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AGUSTIN DURAN (1789-1862)

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Originally appearing in Volume V08, Page 692 of the 1911 Encyclopedia Britannica.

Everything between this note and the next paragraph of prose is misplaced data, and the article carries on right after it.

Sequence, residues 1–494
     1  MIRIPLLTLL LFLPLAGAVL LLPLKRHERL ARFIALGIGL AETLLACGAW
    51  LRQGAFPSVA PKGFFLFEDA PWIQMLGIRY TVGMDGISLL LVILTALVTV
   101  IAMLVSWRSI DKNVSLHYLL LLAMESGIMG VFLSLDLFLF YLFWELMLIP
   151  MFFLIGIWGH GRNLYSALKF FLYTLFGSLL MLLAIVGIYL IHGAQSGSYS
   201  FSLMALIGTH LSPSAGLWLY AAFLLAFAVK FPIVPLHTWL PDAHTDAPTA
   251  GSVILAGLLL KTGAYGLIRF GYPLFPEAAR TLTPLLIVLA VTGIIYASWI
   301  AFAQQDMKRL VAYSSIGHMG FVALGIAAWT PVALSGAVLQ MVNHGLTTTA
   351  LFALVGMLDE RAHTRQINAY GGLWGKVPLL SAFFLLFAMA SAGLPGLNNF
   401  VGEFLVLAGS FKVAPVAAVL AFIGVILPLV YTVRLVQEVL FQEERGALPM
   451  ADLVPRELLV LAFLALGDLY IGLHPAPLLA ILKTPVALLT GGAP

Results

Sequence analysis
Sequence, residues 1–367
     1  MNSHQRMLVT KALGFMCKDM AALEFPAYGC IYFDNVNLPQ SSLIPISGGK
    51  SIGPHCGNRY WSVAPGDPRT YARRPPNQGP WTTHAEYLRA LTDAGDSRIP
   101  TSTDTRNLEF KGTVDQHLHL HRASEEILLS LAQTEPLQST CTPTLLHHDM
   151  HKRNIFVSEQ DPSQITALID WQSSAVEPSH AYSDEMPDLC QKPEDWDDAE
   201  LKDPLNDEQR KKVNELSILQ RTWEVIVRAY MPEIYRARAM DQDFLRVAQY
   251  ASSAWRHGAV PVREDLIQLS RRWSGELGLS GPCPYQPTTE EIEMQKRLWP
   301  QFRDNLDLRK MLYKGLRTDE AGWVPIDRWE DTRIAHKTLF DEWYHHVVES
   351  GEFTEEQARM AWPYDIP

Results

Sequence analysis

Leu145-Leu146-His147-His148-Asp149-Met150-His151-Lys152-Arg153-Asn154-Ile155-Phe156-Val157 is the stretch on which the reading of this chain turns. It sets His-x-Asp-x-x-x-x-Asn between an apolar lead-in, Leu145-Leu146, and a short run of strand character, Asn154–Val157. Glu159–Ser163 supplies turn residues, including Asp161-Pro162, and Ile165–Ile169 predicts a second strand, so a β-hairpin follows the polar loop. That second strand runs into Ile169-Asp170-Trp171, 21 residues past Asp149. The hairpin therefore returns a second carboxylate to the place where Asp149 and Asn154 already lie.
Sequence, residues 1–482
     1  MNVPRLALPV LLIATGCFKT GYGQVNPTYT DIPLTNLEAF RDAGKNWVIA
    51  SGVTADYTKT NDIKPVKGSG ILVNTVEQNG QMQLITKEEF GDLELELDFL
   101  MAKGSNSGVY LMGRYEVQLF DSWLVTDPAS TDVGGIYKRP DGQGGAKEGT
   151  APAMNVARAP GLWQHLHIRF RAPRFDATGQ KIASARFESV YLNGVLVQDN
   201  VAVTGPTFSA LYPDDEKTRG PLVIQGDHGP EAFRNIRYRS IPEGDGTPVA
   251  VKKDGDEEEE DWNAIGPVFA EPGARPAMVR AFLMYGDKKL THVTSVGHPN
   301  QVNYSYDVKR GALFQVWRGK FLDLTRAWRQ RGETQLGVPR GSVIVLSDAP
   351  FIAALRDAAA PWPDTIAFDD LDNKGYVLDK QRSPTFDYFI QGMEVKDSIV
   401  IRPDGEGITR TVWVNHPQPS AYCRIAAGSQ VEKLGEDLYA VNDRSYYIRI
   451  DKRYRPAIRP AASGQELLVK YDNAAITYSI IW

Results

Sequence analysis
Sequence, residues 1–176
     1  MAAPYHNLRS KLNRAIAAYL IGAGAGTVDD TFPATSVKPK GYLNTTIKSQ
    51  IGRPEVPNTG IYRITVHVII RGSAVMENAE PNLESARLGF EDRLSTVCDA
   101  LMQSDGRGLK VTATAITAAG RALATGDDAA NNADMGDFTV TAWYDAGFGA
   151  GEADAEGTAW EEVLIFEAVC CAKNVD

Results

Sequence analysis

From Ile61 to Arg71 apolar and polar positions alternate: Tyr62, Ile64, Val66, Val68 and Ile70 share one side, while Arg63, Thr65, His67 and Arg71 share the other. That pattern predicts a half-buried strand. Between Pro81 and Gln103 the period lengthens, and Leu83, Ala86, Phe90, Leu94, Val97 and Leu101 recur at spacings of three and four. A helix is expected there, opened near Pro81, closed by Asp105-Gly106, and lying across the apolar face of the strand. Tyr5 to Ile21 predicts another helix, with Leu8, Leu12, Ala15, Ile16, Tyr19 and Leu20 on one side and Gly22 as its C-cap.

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AGUSTIN DURAN (1789-1862), Spanish scholar, was born in 1789 at Madrid, where his father was court physician. He was sent to the seminary at Vergara, whence he returned learned in the traditions of Spanish romance. In 1817 he began the study of philosophy and law at the university of Seville, and in due course was admitted to the bar at Valladolid. From 1821 to 1823 he held a post in the education department at Madrid, but in the latter year he was suspended on account of his political opinions. In 1834 he became secretary of the board for the censorship of the press, and shortly afterwards obtained a post in the national library at Madrid. The revolution of 184o led to his dismissal; but he was reinstated in 1843, and in 1854 was appointed chief librarian. Next year, however, he retired to devote himself to his literary work. In 1828, shortly after his first discharge from office, he published anonymously his Discurso sobre el injlujo que ha tenido la critica moderna en la decadencia del teatro antiguo; this treatise greatly influenced the younger dramatists of the day. He next endeavoured to interest his fellow-countrymen in their ancient, neglected ballads, and in the forgotten dramas of the 17th century. Five volumes of a Romancero general appeared from 1828 to 1832 (republished, with considerable additions, in 2 vols. 1849-1851), and Talia espanola (1834), a reprint of old Spanish comedies. Duran's Romancero general is the fullest collection of the kind and is therefore unlikely to be superseded, though the texts are inferior to those edited by Menendez y Pelayo.
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